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2 - Women's Rights and Responsibilities as Mothers: Perspectives from the Left-Wing Women's Press and Nonfiction Writing

Published online by Cambridge University Press:  21 February 2024

Katherine E. Calvert
Affiliation:
University College Dublin
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Summary

During the Weimar Period, the political left presented itself as an authority on modern socialist mothering practices and drew on emerging theories of childhood development and psychoanalysis to influence the ways in which women raised their children. This modern approach to child raising was accompanied by a progressive position regarding the rights of single mothers and support for legal access to birth control and abortion. Articles informing women about their rights as mothers appeared in the journalistic publications of the Social Democratic Party (SPD), the Communist Party (KPD), and the sex reform movement. While a largely uncritical acceptance of gender difference and framing of motherhood as women's duty runs throughout these publications, they seek to improve women's experiences of motherhood by stressing their rights and providing childcare guidance. Many articles from the Weimar period cite psychoanalytic theories to explain the psychological development of children and offer mothers advice on how to manage their children's behavior. Given the conservative tendencies of psychoanalysis, which Bell and Offen suggest reinforced traditional views of the family and women's social role, the prevalence of psychoanalytic ideas in the left-wing media is somewhat unexpected. In this chapter I argue that socialist women's magazines and pamphlets present themselves as authorities on modern mothering practices and that the inclusion of scientific discourses, including psychoanalytic theories, forms part of this positioning. Their approach is highly pragmatic as they focus on practical improvements to women's rights and experiences as mothers while largely eschewing the theoretical or philosophical discussions in which left-wing thinkers and intellectuals engaged. This approach, as I will show, enabled socialist writers and journalists to promote their politics to an audience typically less associated with more-visible forms of political action in a climate in which conservative ideas of gender roles remained dominant.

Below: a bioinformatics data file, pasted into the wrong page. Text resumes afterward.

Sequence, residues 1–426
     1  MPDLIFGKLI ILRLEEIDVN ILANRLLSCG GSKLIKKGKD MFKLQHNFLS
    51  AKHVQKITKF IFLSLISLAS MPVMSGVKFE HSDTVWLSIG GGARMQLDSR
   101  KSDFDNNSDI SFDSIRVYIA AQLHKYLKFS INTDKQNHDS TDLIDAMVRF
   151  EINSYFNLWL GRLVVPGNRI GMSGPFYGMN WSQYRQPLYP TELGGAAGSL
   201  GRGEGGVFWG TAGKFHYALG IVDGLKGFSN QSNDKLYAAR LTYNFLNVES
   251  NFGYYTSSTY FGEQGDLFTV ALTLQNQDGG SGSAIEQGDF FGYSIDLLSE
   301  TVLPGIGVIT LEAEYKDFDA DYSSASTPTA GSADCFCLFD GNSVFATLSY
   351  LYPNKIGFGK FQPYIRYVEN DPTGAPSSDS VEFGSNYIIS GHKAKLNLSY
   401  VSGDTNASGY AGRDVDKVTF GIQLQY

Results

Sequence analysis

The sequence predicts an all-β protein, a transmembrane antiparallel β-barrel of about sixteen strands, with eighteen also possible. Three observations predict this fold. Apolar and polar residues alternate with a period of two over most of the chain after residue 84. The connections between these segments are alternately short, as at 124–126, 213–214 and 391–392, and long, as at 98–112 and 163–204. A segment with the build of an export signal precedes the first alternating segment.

A broad selection of material is included in my discussion to identify trends in left-wing journalism and political nonfiction aimed at a female audience during the Weimar period. The women's magazine of the SPD, Frauenwelt (Women's World, 1924–33) forms the basis of my analysis, which also draws on further examples from the women's press, including Frauenwelt's predecessor, Die Gleichheit (Equality, 1892–1923), and the communist-supporting women's magazine Der Weg der Frau (Women's Way, 1931–33). Because of the journalistic nature of this material, a relatively large number of individual authors are cited.

Type
Chapter
Information
Modeling Motherhood in Weimar Germany
Political and Psychological Discourses in Women's Writing
, pp. 52 - 79
Publisher: Boydell & Brewer
Print publication year: 2023

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